The Seven Visitations of Sydney Burgess Review: How do you forget you murdered someone?

By Steph Kingston on

About Steph Kingston

Geekly's own International Woman of Mystery.


The Seven Visitations of Sydney Burgess is a skin-crawlingly good horror book by Andy Marino, his first novel for adults.  It explores the real and supernatural darkness inside one woman and has an excellent blend of psychological and body horror that will keep you turning pages.  Marino’s visceral and descriptive style set you firmly in every moment, switching from domestic to disturbing with ease.

Most of us have some urge in our life that we have to fight.  For many of us it’s something innocuous like a fancy coffee drink with way too many calories, and it’s not the end of the world if we slip now and then.  For Sydney Burgess there is no slipping.  Sydney is an addict, a self-described junkie, and every minute of her day is shadowed with dark urges.  When we meet Sydney she has been clean for nine years, seven months, and twenty two days.  Through force of will and love for her son Danny she has built a good life for them both.  Which makes it all the more horrifying when she wakes up in the hospital having brutally murdered a home invader, with no memory of doing so.

Sydney’s son and boyfriend are off camping and she has the house to herself for a night.  She is exalting in the opportunity to pick the takeout food and control the TV remote.  But she arrives home to find a strange man in her kitchen, who is also startled to see her and knocks her out with a large votive candle.  Sydney awakens tied up in her guest room, but manages to escape and find help before passing out.  However when Sydney wakes up in the hospital the Sheriff informs her that not only did it not happen like she remembers, she butchered the man with a kitchen knife.

I have not experienced addiction, so I can’t say for sure here if this is an accurate depiction of it, but it is certainly written convincingly. Author Andy Marino explores the horror of not just losing control, but losing knowledge of what you even did, with a character that exerts such strong control on her life. Marino does a fantastic job in this book of juxtaposing the normal and comfortable with the dark and unknown.  As the book progresses we jump between time periods for Sydney, each snapshot transitioning smoothly into the next in a way that makes the book hard to put down.  The book is at times intensely sweet and sad as Sydney reflects on her intense love for her son and the growing realization that something is very wrong with her and that could put him at risk.  The feeling of dread in this book really gets under your skin and makes you want to keep reading while also knowing that it’s probably going to get worse.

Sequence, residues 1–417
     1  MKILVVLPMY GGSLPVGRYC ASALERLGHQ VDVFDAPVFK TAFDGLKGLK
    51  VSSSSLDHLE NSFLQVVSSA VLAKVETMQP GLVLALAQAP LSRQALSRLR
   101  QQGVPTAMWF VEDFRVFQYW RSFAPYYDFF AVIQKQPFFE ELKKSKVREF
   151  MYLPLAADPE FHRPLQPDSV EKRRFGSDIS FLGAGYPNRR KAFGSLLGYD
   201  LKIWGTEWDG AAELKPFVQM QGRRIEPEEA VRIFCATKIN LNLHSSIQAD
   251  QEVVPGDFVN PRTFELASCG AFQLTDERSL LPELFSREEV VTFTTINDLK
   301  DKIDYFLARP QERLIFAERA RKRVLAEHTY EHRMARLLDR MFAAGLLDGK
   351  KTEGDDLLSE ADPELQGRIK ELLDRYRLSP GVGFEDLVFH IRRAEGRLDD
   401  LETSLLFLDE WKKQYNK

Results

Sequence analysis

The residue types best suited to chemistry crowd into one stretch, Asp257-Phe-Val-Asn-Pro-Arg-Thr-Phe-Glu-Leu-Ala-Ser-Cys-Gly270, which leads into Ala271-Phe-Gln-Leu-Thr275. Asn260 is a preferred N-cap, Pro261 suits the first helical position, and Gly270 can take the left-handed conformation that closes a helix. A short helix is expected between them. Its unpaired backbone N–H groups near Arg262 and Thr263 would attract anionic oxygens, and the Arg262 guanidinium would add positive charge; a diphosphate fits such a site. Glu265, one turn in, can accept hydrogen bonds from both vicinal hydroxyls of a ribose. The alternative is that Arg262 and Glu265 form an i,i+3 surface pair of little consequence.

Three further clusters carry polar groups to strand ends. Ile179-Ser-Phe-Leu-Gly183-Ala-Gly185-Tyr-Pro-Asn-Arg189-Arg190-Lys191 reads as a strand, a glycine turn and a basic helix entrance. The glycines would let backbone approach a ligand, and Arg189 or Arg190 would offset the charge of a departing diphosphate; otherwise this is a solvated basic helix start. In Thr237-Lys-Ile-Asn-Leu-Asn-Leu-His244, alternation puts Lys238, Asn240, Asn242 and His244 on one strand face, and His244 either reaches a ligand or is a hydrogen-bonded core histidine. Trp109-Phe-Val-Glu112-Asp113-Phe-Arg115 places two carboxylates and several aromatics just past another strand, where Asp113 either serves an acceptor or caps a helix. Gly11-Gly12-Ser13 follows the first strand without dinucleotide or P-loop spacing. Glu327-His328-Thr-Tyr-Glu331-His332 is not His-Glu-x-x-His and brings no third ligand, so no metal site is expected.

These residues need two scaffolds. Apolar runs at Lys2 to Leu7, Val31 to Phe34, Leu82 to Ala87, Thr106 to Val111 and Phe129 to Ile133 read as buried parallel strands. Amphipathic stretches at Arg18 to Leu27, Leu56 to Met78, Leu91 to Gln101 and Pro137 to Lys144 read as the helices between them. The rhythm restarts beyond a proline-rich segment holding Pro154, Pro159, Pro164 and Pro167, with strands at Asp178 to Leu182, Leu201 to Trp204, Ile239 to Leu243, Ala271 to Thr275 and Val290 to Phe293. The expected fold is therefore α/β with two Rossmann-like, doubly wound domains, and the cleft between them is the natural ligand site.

Much of the book centers around Sydney’s home, a comfortable house in the suburbs that she takes intense pride in.  She cherishes the items it is filled with, each one of them a piece of the good and quiet life she has worked hard for with Danny and her boyfriend Matt.  Over the COVID19 pandemic I, and I would guess many people, have reevaluated our relationships to our homes.  Our homes have become our safe havens in a world wracked with dangerous unknowns.  We’ve spent so much time in them that we’ve come to learn every nook and cranny.  For many of us home is now also work, daycare, and school.  It makes the violation of Sydney’s home, first by the invader and then by the thing growing inside Sydney, all the more horrifying.  Some of the best moments in the book are moments that happen every day to people: finding a strange man in your house, burglaries turning violent, relapsing in sobriety, the realization that your partner has lied to you, and the feeling that there is something deeply wrong with you.  In fact the climax of the book features an incredibly frightening scene that has little to do with the supernatural but had me white knuckling my e-reader.

If I had any major criticisms of this book it’s that it lacks any sort of diversity.  The characters described are all white heterosexuals.  The concept of a good life in the suburbs is itself very rooted in whiteness.  As such there are definitely folks out there that will have a hard time identifying with one of the driving forces of the book.  

Ultimately this is an excellent horror novel in which the true fear is derived from very real things.  The unnatural is but an accessory to that, enhancing these all too real scenarios but leaving them grounded in the knowledge that it could happen to us.
The Seven Visitations of Sydney Burgess comes out on September 28th, 2021 and is available for preorder now.  Thanks to Hachette Book Group for providing an advanced reader copy.

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